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THE LISZT SOCIETY Newsletter No 151 – 2023 Q2

Almost three years ago I started a fairly regular radio broadcast about forgotten operas for the Romanian Musical Radio Station (Radio Romania Muzical). On Saturday evenings from 7-9pm (EET) I present different, more or less unknown operas from my collection. As my passion for opera started almost 70 years ago, you can imagine the huge number of Opera Rara in my library (maybe several hundred CDs and DVDs). Up to now I have presented 40 such programmes.

I remember that I started with “La grota di Trofonio”, an opera by Antonio Salieri (1750-1825), an important composer, and one of the first teachers of Franz Liszt. Another opera was Der Stein der Weisen (The Philosopher’s Stone) - composed six months before Die Zauberflote by five composers, including Emanuel Schikaneder (who also wrote the libretto) and Wolfgang Amadeus Mozart. 

The young Franz Liszt reached Paris on 11th December 1823, with a letter of recommendation from Salieri, but the director of the Conservatoire, Luigi Cherubini, refused to accept him as a student because he was a foreigner. After giving private concerts, all of Paris was enthusiastic about Liszt, and considered him the new Mozart. He found an excellent private teacher in the Italian composer Ferdinando Paer (1771-1839) — who recently had a great public success with his French comic opera “Le Maitre de Chapelle” (1821) — and then he started an intense series of concerts and was the greatest attraction in the concert halls of Paris. The French public was very fond of operas, so Liszt was tasked with composing an opera for the Académie royale de musique — quite something for a 13-year-old boy! He received a libretto inspired by a story of Claris de Florian (1755-1794), a famous author who, being a noble, despite being a great-grandchild of Voltaire, was jailed during the French Revolution, and lost his life at the age of 39 (a typical crime of the revolution). But after the Restoration, his works were reevaluated, and the Paris Opera gave the green light for the project.

Young Liszt started to compose under the supervision of his teacher Paer, and the premiere of the opera Don Sanche ou Le Chateau d'Amour took place successfully on 17th October 1825, one week before Liszt turned 14. The conductor of the premiere was the composer and violinist Rodolphe Kreuzer (1766-1831) (admired by Beethoven, and the dedicatee of the famous Opus 47 sonata for violin and piano), and the title role was sung by the famous tenor Adolphe Nourrit (1802-1839) at the peak of his artistic career which ended some years later tragically. 

Liszt was always a fan of opera. His preoccupation with the dissemination and performance of opera occupied much of his professional life, whether as a conductor/producer or as a pianist/ composer. hi Hyperion's Liszt Edition, Leslie Howard established a world record with 100 CDs of music for piano by Liszt, of which more than 10 CDs contain paraphrases, reminiscences, variations, potpourris, and transcriptions from numerous known and not so well-known operas. In his splendid residence, Altenburg (which I visited in 2003), Liszt received a large number of visitors including Richard Wagner, Hector Berlioz, Johannes Brahms, Clara Schumann, Anton Rubinstein, Hans von Bulow (first husband of Cosima), Carl Tausig, Joachim Raff and Peter Cornelius (to name only musicians). Perhaps under the influence of Carolyne, Liszt started several sketches for various operatic projects. The most significant attempt, Sardanapalo, after Byron , runs to 111 pages. David Trippett discovered the manuscript in 2016. He then deciphered, completed, and edited it. The premiere of the [only existing] first act took place in Weimar in 2019, and it sounds like a grand opera a la Meyerbeer!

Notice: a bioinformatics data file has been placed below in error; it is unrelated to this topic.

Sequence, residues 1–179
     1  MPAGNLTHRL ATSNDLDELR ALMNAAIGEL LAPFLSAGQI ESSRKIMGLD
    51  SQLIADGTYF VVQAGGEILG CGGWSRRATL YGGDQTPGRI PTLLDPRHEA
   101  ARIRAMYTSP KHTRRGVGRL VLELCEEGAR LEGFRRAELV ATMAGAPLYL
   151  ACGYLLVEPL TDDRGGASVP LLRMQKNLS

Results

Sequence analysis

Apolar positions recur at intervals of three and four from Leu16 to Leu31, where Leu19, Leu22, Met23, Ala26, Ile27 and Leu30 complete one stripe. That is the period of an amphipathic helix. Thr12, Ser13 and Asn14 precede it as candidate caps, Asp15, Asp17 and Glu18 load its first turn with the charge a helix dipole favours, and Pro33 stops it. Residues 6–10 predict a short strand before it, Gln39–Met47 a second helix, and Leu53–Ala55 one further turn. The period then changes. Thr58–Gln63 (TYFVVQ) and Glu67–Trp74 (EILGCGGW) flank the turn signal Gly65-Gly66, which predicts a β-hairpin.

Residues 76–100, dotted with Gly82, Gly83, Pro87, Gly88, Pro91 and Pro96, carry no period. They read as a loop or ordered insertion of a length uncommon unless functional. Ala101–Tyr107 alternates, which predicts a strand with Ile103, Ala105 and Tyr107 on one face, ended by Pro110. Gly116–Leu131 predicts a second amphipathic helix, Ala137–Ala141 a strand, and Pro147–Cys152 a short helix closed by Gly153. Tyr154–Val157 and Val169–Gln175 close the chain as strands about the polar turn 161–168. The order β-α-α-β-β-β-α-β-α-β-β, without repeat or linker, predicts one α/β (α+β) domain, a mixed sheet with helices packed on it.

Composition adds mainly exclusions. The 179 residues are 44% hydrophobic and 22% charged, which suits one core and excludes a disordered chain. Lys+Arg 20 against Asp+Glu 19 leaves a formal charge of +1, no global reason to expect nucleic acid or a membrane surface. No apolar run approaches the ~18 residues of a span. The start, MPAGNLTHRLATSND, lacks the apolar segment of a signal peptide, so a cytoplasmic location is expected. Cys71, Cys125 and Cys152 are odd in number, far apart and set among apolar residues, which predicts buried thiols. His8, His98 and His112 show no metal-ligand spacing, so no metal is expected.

The only near-opera which Liszt completed was his oratorio The Legend of Saint Elizabeth, which was successfully staged as an opera, against Liszt's protest, at Weimar in 1881, and is included as an opera in different German Opernfuehrer. During the Liszt year (bicentenary of his birth) in 2011, the oratorio was presented in Cluj-Napoca, the historical capital of Transylvania, the favorite region of the UK's King Charles III, who is these days a most welcome visitor! 


DON SANCHE ou Le Chateau d’amour [French opera]

Production Hungaroton with the orchestra and choir of Hungarian Radio-Television (1987)

Don Sanche  -  a gentleman            - Gerard Garino, tenor

Elzira              - a princess                - Julia Hamari, mezzo-soprano

Alidor             - a magician              - Istvan Gati, baritone

Conductor                                         - Tamas Pal

SARDANAPALO [Italian opera]

Orchester Staatskapelle Weimar, Female choir of the National Theater Weimar (2019)

Mirra              - Ionian slave girl     - Joyce El-Khoury, soprano

Sardanapalo  - King of Assyria       - Airam Hernandez, tenor

Beloso            - a priest                    - Oleksander Pushniak, bass-baritone

Conductor                                         - Kirill Karabits


Constantin Erbiceanu